In the first part of this post, we shared some background points on Dodd-Frank in the area of conflict minerals, looking at the current lack of company preparedness and aggressive plans for investment in 2012 as well as the role for supplier management technology platforms in helping automate the gathering, management and audit trail creation of related conflict mineral reporting assurance activities. For those unfamiliar with the legislation, Spend Matters' sister-site, MetalMiner, has created a free compendium of research and articles. MetalMiner's reporting of the act's enforcement suggests that companies regulated by the SEC must annually disclose whether conflict minerals originated from the Democratic Republic of Congo (DRC) or other adjoining countries and, where that is the case, submit a report conducted by an independent private sector auditor that includes:
- A description of due diligence/audit process conduct
- The name of the auditor
- The facilities used to process the conflict minerals
- Country or countries of origin of the conflict minerals (e.g. Democratic Republic of Congo (DRC), Angola, Burundi, Central African Republic, Congo Republic, Rwanda, Sudan, Tanzania, Uganda, Zambia)
How far along are companies in meeting these requirements? If a recent ISM/CAPs research study sample is indicative of most organizations, it appears that many are poised to make some substantial near-term investments. For example, in developing a "supply chain mapping program to determine the source of minerals classified as conflict minerals...only 13 percent of companies reported their organization has developed or implemented a supply chain mapping program. Of that group, only one company reported it can trace the source of these minerals to individual smelters or mines."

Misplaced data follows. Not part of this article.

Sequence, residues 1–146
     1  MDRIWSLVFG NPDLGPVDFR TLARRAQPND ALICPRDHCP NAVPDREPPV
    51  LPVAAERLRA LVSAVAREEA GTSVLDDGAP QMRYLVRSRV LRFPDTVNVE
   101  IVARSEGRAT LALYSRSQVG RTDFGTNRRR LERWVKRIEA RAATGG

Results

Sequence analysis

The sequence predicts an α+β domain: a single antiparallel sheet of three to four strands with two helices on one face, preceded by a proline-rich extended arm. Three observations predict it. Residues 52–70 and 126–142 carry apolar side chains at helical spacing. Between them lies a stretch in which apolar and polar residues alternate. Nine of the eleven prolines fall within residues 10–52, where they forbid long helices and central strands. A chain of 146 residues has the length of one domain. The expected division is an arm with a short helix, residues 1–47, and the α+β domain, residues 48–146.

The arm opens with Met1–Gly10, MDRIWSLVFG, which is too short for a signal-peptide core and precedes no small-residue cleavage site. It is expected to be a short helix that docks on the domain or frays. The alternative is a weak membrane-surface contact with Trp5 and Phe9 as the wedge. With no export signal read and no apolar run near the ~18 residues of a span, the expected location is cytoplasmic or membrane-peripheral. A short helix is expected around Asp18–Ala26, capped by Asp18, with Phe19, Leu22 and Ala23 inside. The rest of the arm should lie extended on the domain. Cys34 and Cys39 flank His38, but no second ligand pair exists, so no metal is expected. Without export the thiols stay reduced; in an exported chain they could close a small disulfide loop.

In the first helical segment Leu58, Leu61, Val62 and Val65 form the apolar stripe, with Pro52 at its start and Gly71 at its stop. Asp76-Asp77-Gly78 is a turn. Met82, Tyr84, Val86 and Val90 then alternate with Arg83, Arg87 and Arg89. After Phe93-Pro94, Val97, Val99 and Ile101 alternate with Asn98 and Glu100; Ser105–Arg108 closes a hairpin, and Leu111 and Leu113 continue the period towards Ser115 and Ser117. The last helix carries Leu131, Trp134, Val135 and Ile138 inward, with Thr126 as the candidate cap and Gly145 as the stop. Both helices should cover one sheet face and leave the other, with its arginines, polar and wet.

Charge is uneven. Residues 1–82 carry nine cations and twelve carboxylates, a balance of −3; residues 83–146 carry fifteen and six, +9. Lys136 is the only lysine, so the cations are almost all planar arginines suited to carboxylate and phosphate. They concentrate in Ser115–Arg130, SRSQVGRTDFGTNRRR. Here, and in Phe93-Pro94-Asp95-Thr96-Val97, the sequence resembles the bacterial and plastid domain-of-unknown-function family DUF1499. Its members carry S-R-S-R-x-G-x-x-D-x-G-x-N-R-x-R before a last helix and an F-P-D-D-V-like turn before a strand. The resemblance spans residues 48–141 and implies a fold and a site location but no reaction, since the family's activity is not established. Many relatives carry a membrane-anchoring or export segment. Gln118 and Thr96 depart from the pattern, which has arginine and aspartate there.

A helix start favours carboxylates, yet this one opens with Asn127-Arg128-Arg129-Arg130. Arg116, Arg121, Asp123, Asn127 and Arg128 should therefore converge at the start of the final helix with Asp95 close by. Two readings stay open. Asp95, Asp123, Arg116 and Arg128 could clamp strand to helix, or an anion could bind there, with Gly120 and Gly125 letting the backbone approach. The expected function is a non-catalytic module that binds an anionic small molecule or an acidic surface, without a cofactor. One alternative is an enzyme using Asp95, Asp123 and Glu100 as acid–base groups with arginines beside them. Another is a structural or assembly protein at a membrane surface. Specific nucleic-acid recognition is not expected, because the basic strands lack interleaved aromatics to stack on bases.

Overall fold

And when it comes to asking suppliers for "country of origin and chain of custody documentation," only "22 percent of the survey population reported asking suppliers" for this level of information. Curiously, however, "A small number of the survey population (approximately 9 percent) reported asking suppliers for this information despite lacking a supply chain mapping program to track the source of conflict minerals."
In the next post in this series, we'll share some of the remaining highlights of the ISM/CAPs report and a means in which, courtesy of MetalMiner, some organizations are attempted to circumvent the reporting requirements through the use of scrap metal.